In 2009, I read and reviewed a classic novella, The Snow Goose, written by Paul Gallico. It was beautifully written, short and powerful, and a very poignant story. I copied the beginning of the book into my reading notebook because it so perfectly set the stage for this powerful story of loneliness and love and sacrifice. If you’ve never read the book, it should be read in one sitting and treasured on a quiet afternoon.
The Great Marsh lies on the Essex coast between the village of Chelmbury and the ancient Saxon oyster-fishing hamlet of Wickaeldroth. It is one of the last of the wild places of England, a low, far-reaching expanse of grass and reeds and half-submerged meadowlands ending in the great saltings and mud flats and tidal pools near the restless sea.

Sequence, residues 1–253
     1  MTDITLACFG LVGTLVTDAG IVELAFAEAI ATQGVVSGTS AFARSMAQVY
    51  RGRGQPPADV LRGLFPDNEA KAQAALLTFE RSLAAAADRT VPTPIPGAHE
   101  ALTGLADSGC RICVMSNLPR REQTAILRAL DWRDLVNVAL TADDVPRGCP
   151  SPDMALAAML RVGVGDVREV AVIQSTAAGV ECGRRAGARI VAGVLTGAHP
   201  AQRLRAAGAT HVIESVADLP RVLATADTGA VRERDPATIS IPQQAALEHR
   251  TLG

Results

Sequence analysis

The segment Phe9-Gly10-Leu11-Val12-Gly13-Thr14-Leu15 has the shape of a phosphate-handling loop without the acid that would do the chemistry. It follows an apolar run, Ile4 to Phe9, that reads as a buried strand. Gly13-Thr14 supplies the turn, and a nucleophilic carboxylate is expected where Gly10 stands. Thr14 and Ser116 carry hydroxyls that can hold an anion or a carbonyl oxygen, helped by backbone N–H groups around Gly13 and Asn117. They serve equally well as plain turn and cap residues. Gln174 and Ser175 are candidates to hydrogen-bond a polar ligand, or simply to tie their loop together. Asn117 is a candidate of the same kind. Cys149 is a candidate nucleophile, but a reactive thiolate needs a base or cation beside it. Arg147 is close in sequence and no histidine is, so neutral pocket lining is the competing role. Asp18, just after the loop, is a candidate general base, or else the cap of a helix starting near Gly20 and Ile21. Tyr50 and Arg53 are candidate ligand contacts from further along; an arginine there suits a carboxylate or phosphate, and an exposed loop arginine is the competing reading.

Tidal creeks and estuaries and the crooked, meandering arms of many little rivers whose mouths lap at the edge of the ocean cut through the sodden land that seems to rise and fall and breathe with the recurrence of the daily tides. It is desolate, utterly lonely, and made lonelier by the calls and cries of the wildfowl that make their homes in the marshlands and saltings–the wild geese and the gulls, the teal and widgeon, the redshanks and curlews that pick their way through the tidal pools.